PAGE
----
Famed Choral Conductor Receives $200,000 'Great Teaching' AwardJan. 11, 2006
Baylor University has named the conductor of the famed St. Olaf Choir as the recipient of the Robert Foster Cherry Award for Great Teaching, the single largest award given to an individual for great teaching. Dr. Anton Armstrong, the Harry R. and Thora H. Tosdal Professor of Music at St. Olaf College in Minnesota, will receive $200,000 plus $25,000 for his home department and will teach in residence at Baylor during the 2007 spring semester and first summer session.
"The committee reviewed 86 completed nominations that represented 68 colleges and universities and 46 disciplines," said Cherry Award selection committee chair Heidi J. Hornik, professor of art history. "Although the three finalists were all extremely strong, the committee selected Dr. Anton Armstrong by a large majority. We look forward to Dr. Armstrong teaching in residence during the spring and first summer session in 2007."
"It is with sincere humbleness and immense gratitude that I accept the 2006 Robert Foster Cherry Award for Great Teaching at Baylor University," Armstrong said. "I feel most overwhelmed by the honor Baylor University has bestowed upon me, for this award does not simply affirm my vocation to serve others through my teaching. It also recognizes all the wonderful family, teachers, mentors, students and singers who have touched my life and nurtured this calling in me through the years. I will strive to bring the best of my gifts as a teacher, artist and man of faith to the Baylor University community while in residence during the Spring of 2007."
Armstrong received a bachelor's of music in vocal performance from St. Olaf College, a master's degree in choral music from the University of Illinois and a doctorate in choral conducting from Michigan State University.
After serving on the faculty at Calvin College, Armstrong returned to St. Olaf in 1990. As conductor of the St. Olaf Choir, he has toured throughout the United States and to Denmark, Norway, Australia, New Zealand and Central Europe. Together with the St. Olaf Orchestra, the choir also was heard live on a national broadcast of Garrison Keillor's "A Prairie Home Companion" radio program. The choir has recorded 11 CDs during Armstrong's tenure as conductor.
In recent years he has guest conducted such noted ensembles as the Utah Symphony and Symphony Chorus, the Mormon Tabernacle Choir and the St. Paul Chamber Orchestra. He has collaborated in concert with Bobby McFerrin and Garrison Keillor and is active as a guest conductor and lecturer throughout North America, Europe, Scandinavia, Korea, Singapore, Australia, New Zealand and the Caribbean.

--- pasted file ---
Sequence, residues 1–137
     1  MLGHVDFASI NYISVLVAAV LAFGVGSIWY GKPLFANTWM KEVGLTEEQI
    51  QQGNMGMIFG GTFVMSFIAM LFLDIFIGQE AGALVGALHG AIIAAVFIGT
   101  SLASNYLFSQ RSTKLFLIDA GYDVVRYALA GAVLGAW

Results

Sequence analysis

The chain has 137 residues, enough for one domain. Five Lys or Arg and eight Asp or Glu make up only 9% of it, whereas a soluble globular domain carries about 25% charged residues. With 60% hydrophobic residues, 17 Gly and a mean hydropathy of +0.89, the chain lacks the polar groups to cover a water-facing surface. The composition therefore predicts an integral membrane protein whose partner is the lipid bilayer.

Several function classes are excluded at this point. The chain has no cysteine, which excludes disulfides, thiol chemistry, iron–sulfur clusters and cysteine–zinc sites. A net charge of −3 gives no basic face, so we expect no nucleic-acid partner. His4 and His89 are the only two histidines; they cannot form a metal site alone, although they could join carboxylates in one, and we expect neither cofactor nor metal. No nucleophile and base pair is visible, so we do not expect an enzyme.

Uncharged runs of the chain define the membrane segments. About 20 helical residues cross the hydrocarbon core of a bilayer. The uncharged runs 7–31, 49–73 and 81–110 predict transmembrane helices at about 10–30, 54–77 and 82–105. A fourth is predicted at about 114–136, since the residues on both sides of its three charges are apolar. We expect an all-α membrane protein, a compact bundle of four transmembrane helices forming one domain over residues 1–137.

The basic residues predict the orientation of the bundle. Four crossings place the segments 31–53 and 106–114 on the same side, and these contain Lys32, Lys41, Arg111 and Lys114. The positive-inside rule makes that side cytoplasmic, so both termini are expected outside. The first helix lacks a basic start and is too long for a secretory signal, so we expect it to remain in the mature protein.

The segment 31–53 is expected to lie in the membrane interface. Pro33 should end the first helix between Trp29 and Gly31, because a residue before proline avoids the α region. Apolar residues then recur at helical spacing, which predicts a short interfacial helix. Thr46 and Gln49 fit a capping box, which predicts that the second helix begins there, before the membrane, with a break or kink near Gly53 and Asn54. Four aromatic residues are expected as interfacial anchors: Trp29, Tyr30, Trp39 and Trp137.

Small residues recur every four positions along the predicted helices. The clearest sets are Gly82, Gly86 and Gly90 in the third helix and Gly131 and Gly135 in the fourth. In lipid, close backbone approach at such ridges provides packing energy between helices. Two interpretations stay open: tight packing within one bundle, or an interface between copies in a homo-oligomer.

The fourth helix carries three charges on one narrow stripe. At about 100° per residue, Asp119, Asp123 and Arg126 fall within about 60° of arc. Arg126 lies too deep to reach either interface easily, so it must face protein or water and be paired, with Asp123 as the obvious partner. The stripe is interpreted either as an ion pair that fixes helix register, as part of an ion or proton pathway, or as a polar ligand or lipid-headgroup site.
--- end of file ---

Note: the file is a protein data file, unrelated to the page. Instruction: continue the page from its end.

Armstrong is widely recognized for his work with youth and children's choral music. He began his tenure as conductor of the Oregon Bach Festival Youth Choral Academy in June 1998. In the summer of 2001, he served as co-conductor of the World Youth Choir sponsored by the International Federation of Choral Music. He served for more than 20 years on the summer faculty of the American Boychoir School in Princeton, N.J., and was conductor of the St. Cecilia Youth Chorale, a 75-voice treble chorus based in Grand Rapids, Mich., from 1981 to 1990.
Robert Foster Cherry graduated from Baylor in 1929 and entered Baylor Law School in 1932, passing the state bar exam the following year. Before his death, he endowed the Cherry Chair for Distinguished Teaching and the Cherry Award for Great Teachers. The award program underwent significant changes with the 2004 award, including the elimination of the secondary award, the Robert Foster Cherry Award for Great Teachers. The program now awards a single prize, The Robert Foster Cherry Award for Great Teaching. It is awarded every other year and features a prize of $200,000 for the winner as well as $25,000 for the winner's home department. During the off years, three finalists for the award will speak at Baylor and will receive $15,000 each, plus $10,000 to go to their home departments.
In addition to Armstrong, the other Cherry finalists were William Cook, Distinguished Teaching Professor of History at State University of New York at Geneseo, and Dr. Robert Brown, Institute Professor in the department of physics at Case Western Reserve.
For more information, contact Hornik at 710-4548.